Physical habits like these create sress as well, much like the mental one, leading to depression as well as agumenting any mental issues you might have had up to that point.

this issue is particularly problematic

Postpartum depression is one of the worst things that can happen to you, specifically because of the sheer timing of it.
Here’s the deal, getting depressed after giving birth is the worst time for you to get depressed.
Why? Because depression leads to emotional detachment, due to other, uncontrollable factors. You will find yourself focusing on your own problems rather than tending to your child.

That’s the real issue right there. Depression can come and it can go, that statement is even more accurate for simple baby blues, yet your baby’s first months/years will not.

As such, you need to shake this problem off as fast as you can and maintain as normal a lifestyle as possible, despite your issues.

What you should do

Causes may differ, and without a cause, a specific cause to pinpoint to coming up with a solution might be difficult.
As such, my advice will be all over the place.

That being said, it doesn’t make it any less important or useful.

Cut yourself some slack

I am not talking about doing nothing, since that’s a terrible idea, but letting someone else shoulder at least some of the responsibilities may prove more valuable to you than you might have originally thought.

Do things that you like to do, spend time with your baby, don’t shoulder more responsibility than you absolutely have to.

Doing nothing will only make your depression worse, yet doing too much will just make any possible case of anxiety that much more of a nightmare to bear.

Relax as much as you can, don’t overwork yourself, by efficient.

Be healthy

With you spending all of your time with a baby, this might prove to be a bit difficult, I get it.
That being said, you should have a balanced diet, proper levels of vitamins and minerals (you should check those out), and some mild exercise (consider taking up running).

Yes yes, I know this is easier said and done, yet coming up with excuses will get you nowhere.
You aren’t being healthy just because you like it, this isn’t some luxury. You need it to make your depression better, suffering from a declining physical condition will only make your depression worse.

If you don’t work at it, it’s only going to go downhill from there.
Do this for both your sake and the sake of your baby.

Avoid being alone or in a bad company

Isolating yourself from other people is pretty easy when you are depressed. Don’t do that.
Your own negative thoughts are going to be your only company. well, them and the baby, but it won’t do you much good if your loud, needy, child is your only company.

Another extreme is surrounding yourself with negative people. You really don’t want to do that. We are who we hang out with.

Any pessimistic, rude and downright manipulative behavior is one that you should ignore and avoid to the best of your ability.

Instead, you should surround yourself with people who care about you. A small group of people who will support you and offer positive reinforcement.

Encouraging yourself is much worse than being encouraged by others, you know?

A happy mom and a happy baby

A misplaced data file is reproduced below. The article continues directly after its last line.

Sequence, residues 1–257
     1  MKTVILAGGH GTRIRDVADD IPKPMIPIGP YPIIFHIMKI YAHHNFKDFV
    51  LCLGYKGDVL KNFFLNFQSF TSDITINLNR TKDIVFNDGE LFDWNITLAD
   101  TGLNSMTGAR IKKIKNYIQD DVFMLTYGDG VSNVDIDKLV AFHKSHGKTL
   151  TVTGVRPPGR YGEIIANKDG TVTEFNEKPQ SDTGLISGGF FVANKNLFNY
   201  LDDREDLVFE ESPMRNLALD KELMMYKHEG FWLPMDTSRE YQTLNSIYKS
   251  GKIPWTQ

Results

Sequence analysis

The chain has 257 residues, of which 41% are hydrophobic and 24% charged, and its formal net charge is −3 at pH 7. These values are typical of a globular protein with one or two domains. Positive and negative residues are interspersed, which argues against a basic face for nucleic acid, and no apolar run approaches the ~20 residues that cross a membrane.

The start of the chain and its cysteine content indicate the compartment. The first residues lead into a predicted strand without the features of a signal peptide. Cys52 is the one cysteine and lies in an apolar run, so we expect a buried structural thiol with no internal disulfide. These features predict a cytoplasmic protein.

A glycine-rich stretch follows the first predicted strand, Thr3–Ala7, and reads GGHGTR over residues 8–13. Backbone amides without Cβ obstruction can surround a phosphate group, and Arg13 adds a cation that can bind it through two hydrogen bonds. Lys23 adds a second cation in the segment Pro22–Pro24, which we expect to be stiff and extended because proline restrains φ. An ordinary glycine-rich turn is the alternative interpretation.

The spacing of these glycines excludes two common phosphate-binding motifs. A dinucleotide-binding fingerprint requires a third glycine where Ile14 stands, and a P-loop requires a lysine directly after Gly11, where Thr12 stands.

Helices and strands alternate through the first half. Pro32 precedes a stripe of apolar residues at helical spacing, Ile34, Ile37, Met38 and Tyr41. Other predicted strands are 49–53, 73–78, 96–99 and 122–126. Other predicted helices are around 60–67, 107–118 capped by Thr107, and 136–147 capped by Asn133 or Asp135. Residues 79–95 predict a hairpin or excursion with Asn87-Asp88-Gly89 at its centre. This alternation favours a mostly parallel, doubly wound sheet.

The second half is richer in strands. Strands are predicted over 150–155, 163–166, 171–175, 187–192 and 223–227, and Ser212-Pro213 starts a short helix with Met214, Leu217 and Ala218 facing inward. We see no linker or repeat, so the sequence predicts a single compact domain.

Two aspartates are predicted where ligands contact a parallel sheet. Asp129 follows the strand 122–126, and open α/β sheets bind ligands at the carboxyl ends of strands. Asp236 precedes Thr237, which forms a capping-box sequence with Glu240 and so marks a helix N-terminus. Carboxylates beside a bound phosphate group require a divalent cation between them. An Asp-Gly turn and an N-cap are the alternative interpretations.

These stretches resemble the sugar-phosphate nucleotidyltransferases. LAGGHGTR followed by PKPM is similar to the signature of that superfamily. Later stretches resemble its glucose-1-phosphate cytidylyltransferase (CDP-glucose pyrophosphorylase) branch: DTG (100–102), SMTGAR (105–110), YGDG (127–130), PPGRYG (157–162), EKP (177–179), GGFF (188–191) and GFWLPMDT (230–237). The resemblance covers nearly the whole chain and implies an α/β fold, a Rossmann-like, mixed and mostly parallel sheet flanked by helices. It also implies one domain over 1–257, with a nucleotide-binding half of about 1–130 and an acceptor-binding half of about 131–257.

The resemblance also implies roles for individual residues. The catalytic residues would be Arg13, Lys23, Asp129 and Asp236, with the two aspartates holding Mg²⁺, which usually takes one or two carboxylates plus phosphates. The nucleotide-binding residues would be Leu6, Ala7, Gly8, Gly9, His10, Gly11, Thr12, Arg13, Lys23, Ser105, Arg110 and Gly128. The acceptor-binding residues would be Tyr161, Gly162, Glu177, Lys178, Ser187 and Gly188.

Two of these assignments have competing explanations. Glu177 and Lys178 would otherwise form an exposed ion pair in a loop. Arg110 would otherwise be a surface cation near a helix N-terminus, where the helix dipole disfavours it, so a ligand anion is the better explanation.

Don’t worry too much

Unlike most cases of depression, postpartum depression can solve itself.
Be it a shift and regulation in your hormones, the stress of childbirth going down or just you dropping an unhealthy lifestyle for the sake of your child.
You got a wonderful time ahead of you. Difficult, sure, but wonderful nonetheless.

So relax for a bit and tell me about your first (?) childbirth, would any of my advice be useful to you under your conditions?
Make sure to write your answer in the comment section below, I read every single one of them!

If you got any questions you would like to ask me personally make sure to send me an email and I’ll get back to you as soon as possible!

Email: vladosipkov@projectconquest.org

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2 Replies to “How To Treat Postpartum Depression Easily”

  1. Postpartum depression is a very serious illness that strikes at a very unlikely time. Giving birth is suppose to be one of the happiest times of your life so being depressed after your child has arrived has negative effects on you, your family and your new baby.
    Although you have offered some suggestions on how to combat this you seem to advise not going to a professional for help. I can understand why you would not want someone to be shoving antidepressants at the new mother but they may be her temporary solution and relief. Note I said temporary. Follow-up is important and maybe even counseling. Telling a first time mom that is suffering from PPD to “As such, you need to shake this problem off as fast as you can and maintain as normal a lifestyle as possible, despite your issues.” I think is rather harsh.

    1. Heya there, how’s it going?

      I agree with you – Postpartum depression is one of the worst types of depression you can go through.
      Not only do you hurt yourself, but you harm your own child without being able to do anything about it.
      Because of that reason I am being harsh, the situation needs to be changed as soon as possible.

      Also, I don’t recommend medication on my website – for future reference. They might work, they might not, but I believe in becoming stronger by yourself over time.

      Cheers, Vlad!